Dr. Aaron Winter, a senior lecturer in criminology and criminal justice at the University of East London, told MUNCHIES that food banks in the UK "have been a hugely contested thing here." He explained that "since the Tory coalition came in, we've had a massive growth in food banks and the elite or establishment right has often said the reason for all the growth is because people know they can get free food—they have separated it from economic need and austerity. Other people are making the argument that there is a growth in them, because immigrants are coming and taking our benefits."
National Action is trying to mobilize pro-Brexit, disenfranchised British whites who blame multiculturalism for their ills. "That sort of grievance politics feeds into this tactic of using food banks," he explained.
But before we jump to the conclusion that so-called "soup kitchens of hate" are a new "trend" in the British neo-Nazi community, Nick Ryan, a spokesperson for Hope Not Hate, offers a word of caution. Hope Not Hate is an organization in the UK founded to "expose and undermine groups that preach hate, intolerance and division whilst uniting communities around what they have in common."
Ryan told us that the recent reports of racially segregated food banks in England are all part of "a publicity stunt with little to suggest—beyond the culpability of media hyping it up—that it is part of a wider trend." According to research gathered by Hope Not Hate, National Action is largely a splinter group formed after the political and ideological decline and fracturing of the British National Party and their youth party, now known as Resistance. The group, although not large, is using the media to promote its ideology through the soup kitchen narrative. Hope Note Hate's research suggests that these groups most certainly know how to manipulate the media and make themselves look larger and more effective than perhaps they really are.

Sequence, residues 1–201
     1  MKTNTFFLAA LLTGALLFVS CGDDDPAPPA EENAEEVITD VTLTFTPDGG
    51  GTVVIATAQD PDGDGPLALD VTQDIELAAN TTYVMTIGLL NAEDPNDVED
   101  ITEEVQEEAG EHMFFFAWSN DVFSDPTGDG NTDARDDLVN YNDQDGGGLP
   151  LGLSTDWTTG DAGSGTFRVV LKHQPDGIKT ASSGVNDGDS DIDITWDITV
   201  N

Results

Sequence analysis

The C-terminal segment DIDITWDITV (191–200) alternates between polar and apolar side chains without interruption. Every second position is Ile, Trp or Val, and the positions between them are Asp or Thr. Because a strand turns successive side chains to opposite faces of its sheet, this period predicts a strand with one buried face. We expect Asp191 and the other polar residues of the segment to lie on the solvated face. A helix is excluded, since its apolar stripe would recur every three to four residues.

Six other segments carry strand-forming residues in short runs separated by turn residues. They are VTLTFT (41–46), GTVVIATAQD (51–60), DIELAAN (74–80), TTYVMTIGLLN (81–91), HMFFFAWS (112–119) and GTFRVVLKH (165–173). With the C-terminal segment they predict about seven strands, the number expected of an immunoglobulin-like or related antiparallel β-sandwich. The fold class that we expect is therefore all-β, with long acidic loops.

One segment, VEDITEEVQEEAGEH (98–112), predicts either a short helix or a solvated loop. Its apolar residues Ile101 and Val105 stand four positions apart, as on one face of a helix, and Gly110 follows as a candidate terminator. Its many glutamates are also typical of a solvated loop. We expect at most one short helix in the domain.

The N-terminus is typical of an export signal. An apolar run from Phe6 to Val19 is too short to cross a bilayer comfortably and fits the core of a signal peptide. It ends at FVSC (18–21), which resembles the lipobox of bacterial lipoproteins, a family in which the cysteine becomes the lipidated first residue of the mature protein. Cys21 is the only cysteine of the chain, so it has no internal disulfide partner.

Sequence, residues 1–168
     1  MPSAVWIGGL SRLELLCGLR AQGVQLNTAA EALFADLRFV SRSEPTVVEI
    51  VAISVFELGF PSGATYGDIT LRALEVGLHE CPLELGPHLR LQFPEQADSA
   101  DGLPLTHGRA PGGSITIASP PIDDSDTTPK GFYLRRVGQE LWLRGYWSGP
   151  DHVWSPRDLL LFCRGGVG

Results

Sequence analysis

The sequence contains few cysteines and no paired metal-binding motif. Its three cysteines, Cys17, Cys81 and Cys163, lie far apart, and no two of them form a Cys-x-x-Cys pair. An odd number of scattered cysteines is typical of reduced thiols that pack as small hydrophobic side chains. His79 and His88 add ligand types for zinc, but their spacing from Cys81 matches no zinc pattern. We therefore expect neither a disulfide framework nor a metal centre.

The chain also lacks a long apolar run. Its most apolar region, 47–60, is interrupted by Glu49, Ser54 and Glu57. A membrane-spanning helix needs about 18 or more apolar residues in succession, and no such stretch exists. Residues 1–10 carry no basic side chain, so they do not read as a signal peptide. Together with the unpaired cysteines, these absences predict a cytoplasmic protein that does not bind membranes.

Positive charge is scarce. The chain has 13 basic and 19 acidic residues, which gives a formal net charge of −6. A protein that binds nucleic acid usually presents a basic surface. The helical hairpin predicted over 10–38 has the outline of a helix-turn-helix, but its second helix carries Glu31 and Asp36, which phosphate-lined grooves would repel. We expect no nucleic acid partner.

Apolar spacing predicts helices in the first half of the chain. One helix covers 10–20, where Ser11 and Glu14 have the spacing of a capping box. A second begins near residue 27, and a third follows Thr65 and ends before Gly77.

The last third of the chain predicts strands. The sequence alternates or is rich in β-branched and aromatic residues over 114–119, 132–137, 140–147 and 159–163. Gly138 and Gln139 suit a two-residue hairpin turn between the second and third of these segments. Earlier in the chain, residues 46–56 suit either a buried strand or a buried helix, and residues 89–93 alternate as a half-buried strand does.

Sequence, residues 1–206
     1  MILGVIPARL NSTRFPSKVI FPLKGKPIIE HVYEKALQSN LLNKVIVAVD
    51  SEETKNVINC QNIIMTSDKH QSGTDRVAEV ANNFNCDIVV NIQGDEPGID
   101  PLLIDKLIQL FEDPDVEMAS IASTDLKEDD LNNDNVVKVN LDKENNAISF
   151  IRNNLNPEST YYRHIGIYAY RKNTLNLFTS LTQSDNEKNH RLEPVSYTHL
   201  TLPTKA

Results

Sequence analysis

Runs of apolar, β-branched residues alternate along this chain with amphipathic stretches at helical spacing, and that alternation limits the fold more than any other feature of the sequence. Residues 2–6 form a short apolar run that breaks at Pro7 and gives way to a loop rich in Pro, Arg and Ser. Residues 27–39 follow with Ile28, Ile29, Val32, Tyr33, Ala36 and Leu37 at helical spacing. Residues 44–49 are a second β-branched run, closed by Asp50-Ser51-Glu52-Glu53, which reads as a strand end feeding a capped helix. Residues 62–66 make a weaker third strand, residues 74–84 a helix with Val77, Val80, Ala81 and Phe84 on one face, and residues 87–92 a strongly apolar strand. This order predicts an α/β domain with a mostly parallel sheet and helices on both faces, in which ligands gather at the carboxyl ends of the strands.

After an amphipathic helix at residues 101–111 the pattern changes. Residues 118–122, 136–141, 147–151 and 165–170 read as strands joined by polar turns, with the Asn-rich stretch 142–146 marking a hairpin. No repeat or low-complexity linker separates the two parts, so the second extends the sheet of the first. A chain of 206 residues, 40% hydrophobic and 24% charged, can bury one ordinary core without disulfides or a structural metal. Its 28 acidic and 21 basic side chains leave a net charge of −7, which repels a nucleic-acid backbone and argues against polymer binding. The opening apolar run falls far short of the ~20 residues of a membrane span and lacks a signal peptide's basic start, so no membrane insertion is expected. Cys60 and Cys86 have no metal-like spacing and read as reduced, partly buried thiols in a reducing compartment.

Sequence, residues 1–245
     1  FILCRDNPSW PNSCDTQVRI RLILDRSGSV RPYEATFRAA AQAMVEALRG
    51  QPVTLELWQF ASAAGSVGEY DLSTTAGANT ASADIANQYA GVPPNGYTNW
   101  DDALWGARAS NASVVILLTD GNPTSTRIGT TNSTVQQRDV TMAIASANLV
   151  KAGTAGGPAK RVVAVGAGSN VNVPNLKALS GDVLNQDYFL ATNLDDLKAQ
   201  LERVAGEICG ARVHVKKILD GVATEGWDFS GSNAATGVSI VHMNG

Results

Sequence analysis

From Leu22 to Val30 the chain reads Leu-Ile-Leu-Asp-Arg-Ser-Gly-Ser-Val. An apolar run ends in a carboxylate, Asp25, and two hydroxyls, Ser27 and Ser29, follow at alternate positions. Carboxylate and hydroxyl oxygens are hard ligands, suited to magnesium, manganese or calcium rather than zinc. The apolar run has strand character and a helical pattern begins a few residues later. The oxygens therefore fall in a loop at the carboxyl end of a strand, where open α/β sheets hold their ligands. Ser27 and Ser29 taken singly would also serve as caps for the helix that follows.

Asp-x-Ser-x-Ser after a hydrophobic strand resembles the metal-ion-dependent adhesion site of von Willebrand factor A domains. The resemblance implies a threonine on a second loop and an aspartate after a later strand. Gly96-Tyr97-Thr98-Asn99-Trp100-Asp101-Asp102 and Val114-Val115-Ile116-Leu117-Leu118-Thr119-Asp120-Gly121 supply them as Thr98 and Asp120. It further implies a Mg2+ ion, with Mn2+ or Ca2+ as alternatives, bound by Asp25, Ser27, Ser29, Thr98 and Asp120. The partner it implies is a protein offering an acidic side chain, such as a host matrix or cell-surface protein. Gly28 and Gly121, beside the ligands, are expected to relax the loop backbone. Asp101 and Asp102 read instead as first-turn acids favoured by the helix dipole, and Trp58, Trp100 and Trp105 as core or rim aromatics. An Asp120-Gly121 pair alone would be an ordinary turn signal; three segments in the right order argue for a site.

Stepping into the mainstream and attempting to pander to disenfranchised masses via charitable community outreach seems like a strange move for a clearly fringe group like National Action. After all, its leaders believe that even Resistance, the youth wing of the far-right BNP, isn't radical enough. What's more, the group relies heavily on black bloc resistance tactics that first and foremost prioritize the power of anonymity and the illusion of a unified mass to sow dissent. If anything, this recent food bank reveals a massive lack of congruence between National Action's varied tactics.
For its part, National Action told us the following: "We've grown up in the filth left by successive sell-out politicians and don't believe the political system will solve the problems for us... It's what we are about as National Socialists; the NSDAP organized relief to the unemployed in Germany during the Depression, and we are taking inspiration from them."
As it were, it seems like at least some Glaswegians who have dedicated their lives to aiding the homeless aren't all that worried about National Action's use of community outreach. A spokesperson from Glasgow Homelessness Network told MUNCHIES, "Glasgow's great wisdom and humor comes from our working roots and our close shave with poverty and disadvantage. We recognize it, many still live it—and we rarely look in the wrong places to find the reasons for it. But what Glasgow never tolerates is people who think they're better than others. Or idiots. And so we wish these groups luck in their attempts to find accomplices to their message among Glaswegians—we suspect they'll need it."
The comments in this article have been edited and condensed for clarity and length.